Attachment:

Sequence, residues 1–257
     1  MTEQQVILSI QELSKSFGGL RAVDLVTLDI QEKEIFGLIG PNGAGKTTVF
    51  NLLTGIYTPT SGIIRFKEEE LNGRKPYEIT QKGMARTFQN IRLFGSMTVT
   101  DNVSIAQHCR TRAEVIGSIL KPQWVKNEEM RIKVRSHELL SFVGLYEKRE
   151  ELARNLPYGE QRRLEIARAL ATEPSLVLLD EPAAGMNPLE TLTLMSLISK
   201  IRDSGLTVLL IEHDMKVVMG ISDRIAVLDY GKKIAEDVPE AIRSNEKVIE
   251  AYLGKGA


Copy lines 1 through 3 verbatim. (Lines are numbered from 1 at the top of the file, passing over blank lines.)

Sequence, residues 1–257
     1  MTEQQVILSI QELSKSFGGL RAVDLVTLDI QEKEIFGLIG PNGAGKTTVF
    51  NLLTGIYTPT SGIIRFKEEE LNGRKPYEIT QKGMARTFQN IRLFGSMTVT